Parents, educators, clergy and community leaders met again on Monday, April 11 to address the problem of after-school safety in the South Austin area. The meeting was held at Mandell Methodist Church, 5000 W. Congress Pkwy., where the Rev. Gregory Livingston, pastor, chaired the meeting. On hand was CPS President Michael Scott, CPS Liaison James Deanes, Bureau of Safety & Security’s Reginald Williams, May School Principal Dr. Sandra McCann-Beavers, Rev. Lewis Flowers, Michele Clark High School Asst. Principal Ron Bellamy, 29th Ward Ald. Isaac Carothers, and other community leaders.

Rev. Livingston said, “We’re not here to blame anybody but how we can bring a solution to this situation.”

The reverend challenged those in attendance to reclaim control over the children in the neighborhood, saying, “We’re the grown folks. They’re the children. We should be able to solve this problem.”

As part of her opening statement, Theresa Welch, education organizer with South Austin Coalition, stated, “I’m here tonight because of the children. This is not a blame-game meeting. We know that a lot of the children are coming out of homes that already have problems. We have two and a half more months until the end of school and we need to address this problem now. Next week we want to go to Mr. Scott with some solutions, something we can implement to save our children.”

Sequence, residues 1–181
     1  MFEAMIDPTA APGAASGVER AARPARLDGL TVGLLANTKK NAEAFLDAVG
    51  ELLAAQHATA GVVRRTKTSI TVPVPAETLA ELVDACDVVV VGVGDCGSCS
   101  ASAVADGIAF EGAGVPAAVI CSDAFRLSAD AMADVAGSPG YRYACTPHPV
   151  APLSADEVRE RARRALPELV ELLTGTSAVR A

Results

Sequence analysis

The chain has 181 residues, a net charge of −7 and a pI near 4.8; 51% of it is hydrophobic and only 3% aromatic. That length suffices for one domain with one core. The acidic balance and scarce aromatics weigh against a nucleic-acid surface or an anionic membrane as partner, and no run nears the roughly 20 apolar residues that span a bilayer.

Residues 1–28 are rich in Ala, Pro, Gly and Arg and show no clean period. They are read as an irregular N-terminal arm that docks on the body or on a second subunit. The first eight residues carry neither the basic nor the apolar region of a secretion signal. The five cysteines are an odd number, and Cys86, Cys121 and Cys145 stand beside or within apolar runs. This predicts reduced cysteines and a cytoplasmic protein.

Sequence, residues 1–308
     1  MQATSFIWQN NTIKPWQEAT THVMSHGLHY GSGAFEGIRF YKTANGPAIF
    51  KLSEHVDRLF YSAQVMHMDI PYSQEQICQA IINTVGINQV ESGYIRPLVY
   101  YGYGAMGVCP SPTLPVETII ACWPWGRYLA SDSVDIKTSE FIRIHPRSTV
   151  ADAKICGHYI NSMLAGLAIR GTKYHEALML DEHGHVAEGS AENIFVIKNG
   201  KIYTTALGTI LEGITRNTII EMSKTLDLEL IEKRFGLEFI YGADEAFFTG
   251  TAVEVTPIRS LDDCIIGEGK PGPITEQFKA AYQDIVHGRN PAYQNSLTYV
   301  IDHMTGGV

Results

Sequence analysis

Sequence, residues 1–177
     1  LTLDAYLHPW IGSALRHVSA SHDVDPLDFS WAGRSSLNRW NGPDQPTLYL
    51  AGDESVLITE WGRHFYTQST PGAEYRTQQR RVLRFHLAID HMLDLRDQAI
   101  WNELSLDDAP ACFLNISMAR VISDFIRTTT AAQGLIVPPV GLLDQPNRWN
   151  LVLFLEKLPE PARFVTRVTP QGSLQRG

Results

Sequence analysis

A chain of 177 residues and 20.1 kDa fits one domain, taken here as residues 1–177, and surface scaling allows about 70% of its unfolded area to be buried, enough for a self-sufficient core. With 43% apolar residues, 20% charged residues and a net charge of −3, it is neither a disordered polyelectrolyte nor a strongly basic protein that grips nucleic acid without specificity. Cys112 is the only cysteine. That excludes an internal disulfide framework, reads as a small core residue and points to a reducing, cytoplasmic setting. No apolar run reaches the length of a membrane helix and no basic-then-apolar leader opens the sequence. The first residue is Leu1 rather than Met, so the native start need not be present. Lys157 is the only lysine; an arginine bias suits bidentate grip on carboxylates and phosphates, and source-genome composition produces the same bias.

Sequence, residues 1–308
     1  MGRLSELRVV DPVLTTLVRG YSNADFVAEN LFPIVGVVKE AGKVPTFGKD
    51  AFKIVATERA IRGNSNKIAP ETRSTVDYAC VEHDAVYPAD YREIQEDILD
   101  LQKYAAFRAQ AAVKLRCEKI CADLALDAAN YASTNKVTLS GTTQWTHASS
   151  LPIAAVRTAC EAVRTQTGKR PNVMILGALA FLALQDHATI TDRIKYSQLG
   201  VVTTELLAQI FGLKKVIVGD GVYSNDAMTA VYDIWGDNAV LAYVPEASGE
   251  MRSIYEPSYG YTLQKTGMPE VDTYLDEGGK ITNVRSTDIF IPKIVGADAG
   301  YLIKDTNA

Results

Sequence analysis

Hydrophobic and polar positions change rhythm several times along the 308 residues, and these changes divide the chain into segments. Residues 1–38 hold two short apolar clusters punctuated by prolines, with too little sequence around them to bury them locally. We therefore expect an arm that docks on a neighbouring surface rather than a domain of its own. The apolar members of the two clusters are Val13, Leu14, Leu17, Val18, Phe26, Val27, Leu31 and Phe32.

But Welch said flatly that the current situation is “not acceptable.”

“Our children cannot learn if they’re afraid of getting beaten at school,” she said.

Michele Clark Asst. Principal Ron Bellamy gave an update: “Michelle Clark posted notices of meeting on 3/14. Present was 15th District, Ald. Carothers, Mr. Deanes, South Austin Coalition, church organizations, community leaders and others. They helped identify the problems with safe passage or the lack of safe passage. We came up with solutions. Michele Clark has ongoing assistance from CPS Safety & Security, Youth Outreach (yellow jackets) who are posted at strategic locations, Harrison to Laramie and northbound on Laramie. Ald. Carothers posted a small forum with local business and CAPS.”

School Board President Michael Scott spoke next.

“I didn’t come here to make a speech,” said Scott, who said he’d made a special trip out to the West Side after hearing of the neighborhood’s concerns.

Scott told the audience that he grew up on the West Side in the Lawndale area and was very impressed by the turnout. But he cautioned that unless people became more empowered in dealing with the problems in their neighborhood, they’ll eventually just move away.

“People, when they don’t know how to take care of their community, they keep moving out,” Scott said. “That’s what happens when people can’t work together.”

Scott said he hoped they would not spend a lot of time rehashing the past, but spending time working out solutions.

“Typically individuals spend 85 percent of the time talking about the problem, and 15 percent talking about solutions,” he said.

Scott concluded by indicating his willingness to be involved and pledged his support to assist in any way CPS could, whether with resources or manpower.